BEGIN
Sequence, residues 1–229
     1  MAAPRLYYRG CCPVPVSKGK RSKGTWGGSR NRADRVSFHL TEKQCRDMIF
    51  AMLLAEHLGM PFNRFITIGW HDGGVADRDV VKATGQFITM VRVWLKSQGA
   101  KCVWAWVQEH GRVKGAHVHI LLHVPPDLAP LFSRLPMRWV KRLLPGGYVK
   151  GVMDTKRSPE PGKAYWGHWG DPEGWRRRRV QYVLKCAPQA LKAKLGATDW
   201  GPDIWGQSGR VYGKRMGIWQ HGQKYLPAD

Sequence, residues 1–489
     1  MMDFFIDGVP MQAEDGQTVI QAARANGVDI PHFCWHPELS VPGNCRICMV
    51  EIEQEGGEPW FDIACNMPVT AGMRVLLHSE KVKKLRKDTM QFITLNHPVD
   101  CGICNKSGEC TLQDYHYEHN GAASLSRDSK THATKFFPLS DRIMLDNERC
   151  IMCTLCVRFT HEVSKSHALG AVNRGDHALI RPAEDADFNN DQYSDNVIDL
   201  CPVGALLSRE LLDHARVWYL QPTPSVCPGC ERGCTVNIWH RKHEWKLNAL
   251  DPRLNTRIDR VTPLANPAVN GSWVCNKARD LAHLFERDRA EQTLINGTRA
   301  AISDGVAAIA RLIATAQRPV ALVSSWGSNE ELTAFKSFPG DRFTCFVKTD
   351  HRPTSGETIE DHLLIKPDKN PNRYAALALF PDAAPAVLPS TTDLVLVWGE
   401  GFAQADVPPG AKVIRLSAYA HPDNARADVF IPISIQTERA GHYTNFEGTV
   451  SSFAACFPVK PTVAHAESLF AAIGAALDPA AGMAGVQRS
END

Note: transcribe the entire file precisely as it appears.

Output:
Sequence, residues 1–229
     1  MAAPRLYYRG CCPVPVSKGK RSKGTWGGSR NRADRVSFHL TEKQCRDMIF
    51  AMLLAEHLGM PFNRFITIGW HDGGVADRDV VKATGQFITM VRVWLKSQGA
   101  KCVWAWVQEH GRVKGAHVHI LLHVPPDLAP LFSRLPMRWV KRLLPGGYVK
   151  GVMDTKRSPE PGKAYWGHWG DPEGWRRRRV QYVLKCAPQA LKAKLGATDW
   201  GPDIWGQSGR VYGKRMGIWQ HGQKYLPAD

Sequence, residues 1–489
     1  MMDFFIDGVP MQAEDGQTVI QAARANGVDI PHFCWHPELS VPGNCRICMV
    51  EIEQEGGEPW FDIACNMPVT AGMRVLLHSE KVKKLRKDTM QFITLNHPVD
   101  CGICNKSGEC TLQDYHYEHN GAASLSRDSK THATKFFPLS DRIMLDNERC
   151  IMCTLCVRFT HEVSKSHALG AVNRGDHALI RPAEDADFNN DQYSDNVIDL
   201  CPVGALLSRE LLDHARVWYL QPTPSVCPGC ERGCTVNIWH RKHEWKLNAL
   251  DPRLNTRIDR VTPLANPAVN GSWVCNKARD LAHLFERDRA EQTLINGTRA
   301  AISDGVAAIA RLIATAQRPV ALVSSWGSNE ELTAFKSFPG DRFTCFVKTD
   351  HRPTSGETIE DHLLIKPDKN PNRYAALALF PDAAPAVLPS TTDLVLVWGE
   401  GFAQADVPPG AKVIRLSAYA HPDNARADVF IPISIQTERA GHYTNFEGTV
   451  SSFAACFPVK PTVAHAESLF AAIGAALDPA AGMAGVQRS